At the very last chance to test their combination before the World Cup, India will field their full-strength batting line-up in a 50-over game for the first time in 15 months. The batsmen had faltered against Australia on Sunday but will be bolstered by the return of Sachin Tendulkar against New Zealand.
Tendulkar had missed that warm-up game because of a niggle but will play on Wednesday, in what will be his third one-day match since his double-century against South Africa in Gwalior a year ago. He had a long batting session on Tuesday morning during India’s practice, and also spent time working on his fielding, showing no signs of the hamstring injury that forced him to return home midway through the one-day series in South Africa a month ago.
Tendulkar will displace Gautam Gambhir from the top of the order to No. 3, the position at which Virat Kohli had much of his recent success. Kohli’s form swept him to second spot in the ICC one-day rankings, but even that hasn’t ensured him a place in the starting line-up. Wednesday’s game will give Kohli a chance to show his prowess lower down the order, perhaps at No .6, a position where another contender, Suresh Raina, is considered a better bet.
The other player in India’s squad to miss the first warm-up, Zaheer Khan, will sit out of the sold-out game against New Zealand as well. MS Dhoni was quick to emphasise that Zaheer, who has been injury prone, would be fit in time for the World Cup opener against Bangladesh on February 19. “He has a very, very mild groin strain, nothing to worry about,” Dhoni said. “We can give him rest, so we are giving him rest, and will use him when the proper tournament starts.”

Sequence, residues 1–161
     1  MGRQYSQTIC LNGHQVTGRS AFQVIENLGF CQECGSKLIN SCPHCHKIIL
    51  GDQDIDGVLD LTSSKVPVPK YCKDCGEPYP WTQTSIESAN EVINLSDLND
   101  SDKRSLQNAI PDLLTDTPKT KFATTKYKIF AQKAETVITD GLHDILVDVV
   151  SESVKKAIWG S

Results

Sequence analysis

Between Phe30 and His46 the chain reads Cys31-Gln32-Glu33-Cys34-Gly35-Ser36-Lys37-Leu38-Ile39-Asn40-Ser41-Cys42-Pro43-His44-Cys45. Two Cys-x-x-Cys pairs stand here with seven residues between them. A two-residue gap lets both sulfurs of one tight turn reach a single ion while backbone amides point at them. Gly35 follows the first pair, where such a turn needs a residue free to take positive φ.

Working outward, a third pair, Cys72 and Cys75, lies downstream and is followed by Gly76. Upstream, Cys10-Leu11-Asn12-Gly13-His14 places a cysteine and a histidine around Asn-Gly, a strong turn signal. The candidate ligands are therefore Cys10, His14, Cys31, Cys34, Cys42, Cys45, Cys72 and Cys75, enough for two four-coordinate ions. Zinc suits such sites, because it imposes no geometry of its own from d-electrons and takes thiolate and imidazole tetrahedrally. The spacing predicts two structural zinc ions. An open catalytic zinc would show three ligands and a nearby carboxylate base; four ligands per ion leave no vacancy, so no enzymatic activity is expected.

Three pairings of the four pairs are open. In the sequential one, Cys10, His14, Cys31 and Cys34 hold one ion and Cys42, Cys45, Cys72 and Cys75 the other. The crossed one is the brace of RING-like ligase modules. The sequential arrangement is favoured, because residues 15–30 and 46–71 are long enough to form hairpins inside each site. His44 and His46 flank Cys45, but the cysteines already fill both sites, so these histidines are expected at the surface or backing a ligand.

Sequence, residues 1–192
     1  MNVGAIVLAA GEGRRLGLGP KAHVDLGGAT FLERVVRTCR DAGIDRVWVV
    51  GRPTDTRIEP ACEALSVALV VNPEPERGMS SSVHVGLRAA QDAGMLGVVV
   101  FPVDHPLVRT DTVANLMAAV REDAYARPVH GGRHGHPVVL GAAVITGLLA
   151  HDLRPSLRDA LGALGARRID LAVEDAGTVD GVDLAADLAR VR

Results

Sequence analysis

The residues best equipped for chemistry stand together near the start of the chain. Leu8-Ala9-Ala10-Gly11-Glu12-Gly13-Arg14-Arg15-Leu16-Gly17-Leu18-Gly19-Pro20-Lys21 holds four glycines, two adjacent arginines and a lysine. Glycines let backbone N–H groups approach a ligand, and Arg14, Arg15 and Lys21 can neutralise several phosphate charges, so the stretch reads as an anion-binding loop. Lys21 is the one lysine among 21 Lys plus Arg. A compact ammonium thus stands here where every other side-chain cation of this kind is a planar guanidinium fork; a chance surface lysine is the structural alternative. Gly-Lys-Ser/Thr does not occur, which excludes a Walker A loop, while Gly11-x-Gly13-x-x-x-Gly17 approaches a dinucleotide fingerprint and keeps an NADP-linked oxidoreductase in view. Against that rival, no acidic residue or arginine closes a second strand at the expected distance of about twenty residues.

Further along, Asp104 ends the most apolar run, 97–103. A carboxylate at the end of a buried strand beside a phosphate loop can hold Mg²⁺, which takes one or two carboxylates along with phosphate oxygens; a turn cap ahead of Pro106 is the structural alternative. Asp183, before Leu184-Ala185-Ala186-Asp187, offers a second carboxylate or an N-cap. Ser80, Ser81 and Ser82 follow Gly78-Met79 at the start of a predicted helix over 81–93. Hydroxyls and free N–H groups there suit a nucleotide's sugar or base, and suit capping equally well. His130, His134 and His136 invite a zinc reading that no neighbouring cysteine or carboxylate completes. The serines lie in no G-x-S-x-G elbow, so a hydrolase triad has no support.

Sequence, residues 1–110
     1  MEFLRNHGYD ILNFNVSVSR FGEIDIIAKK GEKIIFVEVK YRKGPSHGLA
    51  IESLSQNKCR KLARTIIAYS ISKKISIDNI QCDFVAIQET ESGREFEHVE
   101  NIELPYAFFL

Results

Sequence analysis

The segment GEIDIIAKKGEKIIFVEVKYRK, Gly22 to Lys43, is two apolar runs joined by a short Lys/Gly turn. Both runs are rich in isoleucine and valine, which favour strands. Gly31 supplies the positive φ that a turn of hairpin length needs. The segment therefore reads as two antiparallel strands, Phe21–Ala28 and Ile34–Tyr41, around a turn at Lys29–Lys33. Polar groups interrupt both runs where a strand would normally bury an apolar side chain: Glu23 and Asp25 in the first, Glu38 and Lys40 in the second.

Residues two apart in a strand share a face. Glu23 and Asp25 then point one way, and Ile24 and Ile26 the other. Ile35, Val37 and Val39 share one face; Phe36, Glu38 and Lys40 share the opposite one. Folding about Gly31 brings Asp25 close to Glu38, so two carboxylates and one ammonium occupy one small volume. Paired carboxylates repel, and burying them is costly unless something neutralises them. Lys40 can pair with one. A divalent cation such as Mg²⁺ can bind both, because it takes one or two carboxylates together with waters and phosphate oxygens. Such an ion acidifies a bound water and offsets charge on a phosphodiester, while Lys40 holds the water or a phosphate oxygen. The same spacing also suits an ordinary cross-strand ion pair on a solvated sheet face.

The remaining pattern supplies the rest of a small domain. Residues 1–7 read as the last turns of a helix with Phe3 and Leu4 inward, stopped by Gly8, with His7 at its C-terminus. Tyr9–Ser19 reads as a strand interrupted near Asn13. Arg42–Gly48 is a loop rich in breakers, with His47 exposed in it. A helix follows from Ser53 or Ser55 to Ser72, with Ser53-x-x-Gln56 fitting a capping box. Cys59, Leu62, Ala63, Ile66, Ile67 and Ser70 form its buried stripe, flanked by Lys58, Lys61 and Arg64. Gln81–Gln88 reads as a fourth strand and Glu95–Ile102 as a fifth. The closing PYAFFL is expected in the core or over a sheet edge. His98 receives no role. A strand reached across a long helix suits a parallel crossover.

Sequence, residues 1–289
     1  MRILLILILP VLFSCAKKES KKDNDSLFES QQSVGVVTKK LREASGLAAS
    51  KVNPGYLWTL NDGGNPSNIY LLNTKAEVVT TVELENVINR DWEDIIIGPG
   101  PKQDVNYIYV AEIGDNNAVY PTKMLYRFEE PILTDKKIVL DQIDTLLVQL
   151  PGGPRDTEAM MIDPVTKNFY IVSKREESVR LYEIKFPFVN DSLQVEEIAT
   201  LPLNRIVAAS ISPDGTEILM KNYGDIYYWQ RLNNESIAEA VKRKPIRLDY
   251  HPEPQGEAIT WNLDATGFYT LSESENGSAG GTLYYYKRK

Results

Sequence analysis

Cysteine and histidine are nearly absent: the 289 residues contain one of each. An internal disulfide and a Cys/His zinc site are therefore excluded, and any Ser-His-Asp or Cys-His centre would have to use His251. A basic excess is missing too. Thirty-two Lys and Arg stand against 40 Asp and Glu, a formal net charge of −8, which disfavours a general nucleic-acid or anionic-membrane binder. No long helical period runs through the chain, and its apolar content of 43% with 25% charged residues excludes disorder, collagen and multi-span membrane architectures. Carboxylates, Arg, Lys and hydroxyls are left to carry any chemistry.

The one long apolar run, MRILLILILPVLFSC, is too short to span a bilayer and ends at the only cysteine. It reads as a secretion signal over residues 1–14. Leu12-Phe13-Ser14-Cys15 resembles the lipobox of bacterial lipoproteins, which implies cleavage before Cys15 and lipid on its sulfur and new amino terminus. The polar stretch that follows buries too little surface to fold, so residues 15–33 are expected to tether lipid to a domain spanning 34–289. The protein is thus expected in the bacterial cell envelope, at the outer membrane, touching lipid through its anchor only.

Zaheer didn’t bowl in the nets on Tuesday, though he batted for 45-minutes and also tested himself with a series of short sprints under the supervision of physiotherapist Nitin Patel. Zaheer is the only fast bowler guaranteed a starting place, and his absence gives the others – Ashish Nehra, Sreesanth and Munaf Patel – who had little work against Australia another opportunity to audition for the World Cup.
India had sneaked to victory two days ago despite the below-par score and the initial ineffectiveness of the seamers because their spinners demolished the Australian batting. Piyush Chawla, the legspinner who was the most debated selection in India’s World Cup squad, was the star, ripping out the middle-order during a spell of 5-0-9-4. Under Dhoni, India have generally played three-seamers and one-specialist spinner, with a spinning allrounder and part-timers combining for the remaining ten overs. Another strong performance from Chawla will leave Dhoni pondering the inclusion of two specialist slow bowlers, especially on turning tracks, and only two quicks.
In the previous World Cup tune-up at the MA Chidambaram Stadium, South Africa had crushed Zimbabwe by eight wickets after bundling them out for 152. Their captain, Graeme Smith, had been critical of the pitch, terming it “slow and dead” and “under-prepared”, and called for better surfaces in the actual tournament. Dhoni wasn’t sure how the Chennai track would play but urged the Indian side to lift their performance. “We need to pick up a bit of intensity on the field,” he said. “This being the last warm-up game, the intensity should be a bit up on the field [compared to the game against Australia].”